Sennheiser PX100 (rarely used, got for travel but ended up travelling with the Denon, Sold March 2012)
Audio Technica AD-900 -- great soundstage, terrible (lack of) bass, to be sold soon
Sennheiser HD25 -- too tight, Sold April 2012
Fischer FA-003 -- To be sold soon, great all-rounder, but overshadowed by LCD2
Creative Aurvana Live -- Denon 1001 reincarnated, the king of comfort, and shiny too
Dec. 2012 -- Rarely if ever listen to these, but keep them around for the sake of nostalgia and to introduce head-fi newbies to good sound
Audio Technica ES10 -- Not the most balanced headphone, but lots of fun and great detail level. After I bought it, I listened to it almost exclusively for several days. But the bright highs are too distracting while studying. This is the headphone I sometimes choose for walking around the neighborhood or around the house.
Dec. 2012 -- I still enjoy these occasionally. If I'm in the right mood and with the right track, I occasionally prefer them to the LCD2s.
V Moda M80 -- More balanced and more comfortable to wear than ES10, much more forward vocals, but less detailed highs. This is the portable that I choose most of the time, and more or less the only portable I use while studying.
Dec. 2012: This is the headphone that I choose for portable use about 90% of the time.
Audeze LCD2 Rev 2, bamboo and leather-- Eargasmic. There's no such thing as a perfect headphone, but this is close enough for me. Purchased June 2012.
December 2012: They don't astound me quite like they did when I first purchased them, not because I think they're any less amazing, but because I've been thoroughly spoiled. I still adore them. I don't have any plans to upgrade anytime soon. If you're thinking about taking the plunge and it won't be a financial hardship for you -- then do it! Well worth the money. Unless you're a total treble-head -- then maybe get something else. If it would be a financial hardship for you to buy them, then first sell whatever overpriced amp you have (if you have one) and then buy them -- they sound amazing out of a Fiio E17.
Bose Quiet Comfort 15 -- purchased August 2012. I know it doesn't have great sound compared to say the M80s, but I need something with noise cancelling for working out in my noisy gym and for commuting on the subway and riding on airplanes. I can't stand the idea of wearing something inside my ear for an extended time, and the HD25 clamps too tightly for my comfort.
Dec. 2012: I stopped using these a month or so after I got them. The noise-cancelling technology produces high air pressure around the ears, which is physically uncomfortable for prolonged usage. Also, the noise-cancelling keeps me from being able to hear myself sing along, which helps to motivate me to work out harder. These days, I mostly read on my kindle while working out, rather than listening to music. If I do listen to music, I bring the M80s.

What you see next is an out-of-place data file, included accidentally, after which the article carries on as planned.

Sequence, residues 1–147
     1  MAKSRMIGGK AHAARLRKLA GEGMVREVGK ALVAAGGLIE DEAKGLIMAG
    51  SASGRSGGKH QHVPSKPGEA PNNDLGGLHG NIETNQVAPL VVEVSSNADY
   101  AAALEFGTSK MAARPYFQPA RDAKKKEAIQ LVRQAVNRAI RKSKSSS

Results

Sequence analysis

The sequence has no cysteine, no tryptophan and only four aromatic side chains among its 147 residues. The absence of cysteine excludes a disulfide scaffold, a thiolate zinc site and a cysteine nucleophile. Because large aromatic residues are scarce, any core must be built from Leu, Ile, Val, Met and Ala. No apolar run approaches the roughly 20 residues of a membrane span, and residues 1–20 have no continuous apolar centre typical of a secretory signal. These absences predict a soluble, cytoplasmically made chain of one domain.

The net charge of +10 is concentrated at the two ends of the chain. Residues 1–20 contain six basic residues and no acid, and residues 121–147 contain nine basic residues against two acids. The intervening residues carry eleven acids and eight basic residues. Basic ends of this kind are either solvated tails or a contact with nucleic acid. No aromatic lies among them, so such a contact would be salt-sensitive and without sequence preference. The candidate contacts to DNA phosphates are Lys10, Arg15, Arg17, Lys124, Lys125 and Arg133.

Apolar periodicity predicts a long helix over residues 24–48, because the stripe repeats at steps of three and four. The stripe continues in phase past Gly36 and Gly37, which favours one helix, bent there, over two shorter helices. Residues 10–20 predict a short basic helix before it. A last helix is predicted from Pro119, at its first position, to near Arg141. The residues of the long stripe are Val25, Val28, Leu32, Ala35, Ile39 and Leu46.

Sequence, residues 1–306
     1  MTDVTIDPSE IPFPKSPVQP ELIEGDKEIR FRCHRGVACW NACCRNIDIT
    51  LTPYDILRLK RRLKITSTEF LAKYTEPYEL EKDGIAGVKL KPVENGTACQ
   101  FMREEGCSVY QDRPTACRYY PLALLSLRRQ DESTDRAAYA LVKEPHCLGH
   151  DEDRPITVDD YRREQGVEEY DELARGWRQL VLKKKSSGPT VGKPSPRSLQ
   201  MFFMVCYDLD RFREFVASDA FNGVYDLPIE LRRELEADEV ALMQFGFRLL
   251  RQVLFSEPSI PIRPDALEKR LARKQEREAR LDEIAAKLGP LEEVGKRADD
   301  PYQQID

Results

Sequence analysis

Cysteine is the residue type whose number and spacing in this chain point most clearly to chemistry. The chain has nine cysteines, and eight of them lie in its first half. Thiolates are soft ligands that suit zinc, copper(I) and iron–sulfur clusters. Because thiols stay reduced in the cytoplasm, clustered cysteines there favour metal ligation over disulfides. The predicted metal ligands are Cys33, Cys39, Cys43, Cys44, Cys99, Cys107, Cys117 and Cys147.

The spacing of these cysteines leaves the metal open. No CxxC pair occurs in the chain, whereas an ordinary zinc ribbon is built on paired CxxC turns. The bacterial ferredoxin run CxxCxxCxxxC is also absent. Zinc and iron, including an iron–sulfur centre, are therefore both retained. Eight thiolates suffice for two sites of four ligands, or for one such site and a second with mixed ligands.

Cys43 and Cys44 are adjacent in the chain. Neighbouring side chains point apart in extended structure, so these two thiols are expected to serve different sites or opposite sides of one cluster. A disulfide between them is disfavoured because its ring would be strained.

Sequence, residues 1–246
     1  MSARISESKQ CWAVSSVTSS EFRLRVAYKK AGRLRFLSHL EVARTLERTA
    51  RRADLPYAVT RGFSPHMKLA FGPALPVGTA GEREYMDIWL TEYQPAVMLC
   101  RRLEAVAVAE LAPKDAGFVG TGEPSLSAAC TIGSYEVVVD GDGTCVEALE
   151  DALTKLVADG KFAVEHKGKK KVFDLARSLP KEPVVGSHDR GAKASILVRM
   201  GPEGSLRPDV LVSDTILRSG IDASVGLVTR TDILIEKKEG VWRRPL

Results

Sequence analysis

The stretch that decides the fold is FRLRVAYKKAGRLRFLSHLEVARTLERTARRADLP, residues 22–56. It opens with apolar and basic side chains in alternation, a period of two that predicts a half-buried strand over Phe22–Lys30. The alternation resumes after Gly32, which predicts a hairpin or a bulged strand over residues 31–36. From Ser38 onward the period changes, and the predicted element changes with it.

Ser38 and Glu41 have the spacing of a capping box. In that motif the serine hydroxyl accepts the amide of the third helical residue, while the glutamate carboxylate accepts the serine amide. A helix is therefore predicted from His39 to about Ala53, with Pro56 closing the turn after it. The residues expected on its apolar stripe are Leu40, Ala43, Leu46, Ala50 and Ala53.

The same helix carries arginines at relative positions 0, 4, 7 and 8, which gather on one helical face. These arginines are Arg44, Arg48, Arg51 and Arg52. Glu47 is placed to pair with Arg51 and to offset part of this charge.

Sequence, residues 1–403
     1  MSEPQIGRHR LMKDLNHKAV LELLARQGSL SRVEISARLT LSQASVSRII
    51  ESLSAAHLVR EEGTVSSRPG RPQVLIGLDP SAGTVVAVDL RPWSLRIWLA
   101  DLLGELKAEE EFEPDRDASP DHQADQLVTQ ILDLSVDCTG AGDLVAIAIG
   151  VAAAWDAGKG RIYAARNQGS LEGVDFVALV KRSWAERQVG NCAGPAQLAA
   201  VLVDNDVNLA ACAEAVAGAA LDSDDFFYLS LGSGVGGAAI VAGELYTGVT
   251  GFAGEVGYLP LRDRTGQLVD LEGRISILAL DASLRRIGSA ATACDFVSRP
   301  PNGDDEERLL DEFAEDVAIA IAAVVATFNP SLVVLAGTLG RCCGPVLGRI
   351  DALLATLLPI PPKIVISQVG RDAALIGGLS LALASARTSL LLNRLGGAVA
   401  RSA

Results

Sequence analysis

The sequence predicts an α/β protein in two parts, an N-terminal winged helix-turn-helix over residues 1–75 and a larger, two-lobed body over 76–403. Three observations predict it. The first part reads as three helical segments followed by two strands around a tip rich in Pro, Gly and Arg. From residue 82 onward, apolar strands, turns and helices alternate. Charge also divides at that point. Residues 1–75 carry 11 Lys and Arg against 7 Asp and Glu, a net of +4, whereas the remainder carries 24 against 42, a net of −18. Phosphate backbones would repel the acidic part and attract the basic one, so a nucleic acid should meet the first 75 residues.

Thinking of buying the Z1000, but the graphs make it look like it has a limited frequency response -- the lowest and highest octave are barely present. That's surprising given its price and good reviews.
Generally interested in acquiring headphones that are comfortable, have short cords, and sound great without amplification. But I think I already have the best of those between the ES10 and the M80.
Headphone Amp Inventory:
Soundmagic A10 -- broke after being dropped on the floor
Digizoid z0 -- rarely used
Fiio E17 -- powers the LCD2 Rev 2 just fine.
Trying to learn more about what's actually affected by an amp vs. what's marketing hype. I think a lot of it is marketing hype.
Check out Krav's post here.
I'm not a big fan of amps. They add an extra degree of hassle to the listening experience, thereby decreasing my overall enjoyment and making any gain in sound quality largely irrelevant since my goal is good sound for the sake of enjoyment, not good sound for the sake of good sound.
Just an iPod nano (third generation), a sansa Fuze, and a computer with a basic sound card.
December 2012: I lost my iPod nano a few months ago. (Music was backed up elsewhere, so not a great loss.) I had more music that I wanted on it than I could fit on it, so I'm not replacing it with another of the same. I'm not thrilled with the Sansa fuze software (neither the sansa software nor Rockbox). I'm thinking of using my android smartphone (Samsung Galaxy S III) as a music player, but I prefer to have a dedicated music player so that I don't get distracted by other stuff on my phone stuff when I want to focus on music. So I'm thinking of maybe buying a Cowon player.
Based on Uncle Erik's comments in this post, I'm don't think that upgrading my digital player or DAC would make a big difference. http://www.head-fi.org/t/555690/which-is-more-important-dacs-or-amplifliers
Thinking of buying a shorter cable for my LCD2 for enhanced convenience walking around the house.
Other Audio Equipment:
Harmon Kardon Soundsticks II (speakers). Nice sound, and cool design. The adjustable bass is nice, but I wish they would mark what setting gives you a neutral bass. I'm too lazy to make it a high priority to figure that out, carefully so I just guess, but I'm probably way off.
Lots of variety. Roughly speaking, stuff earlier in the list I listen to the most, but it really depends on my mood.
Electronic (Tangerine Dream, Infected Mushroom) and various instrumental (Evelyn Glennie, Myo Kyo), heavy metal (Sepultura, Manowar), , Progressive Rock (Really enjoying Pink Floyd recently), Classical (Beethoven, Chopin, Sibelius, Orf, Holst), alternative (Cake, The Offspring, Bloodhound gang), Hard rock, rock and roll oldies (my favorite genre before I got into hifi), jazz, folk, pop, bluegrass, dance, rap, country, . . .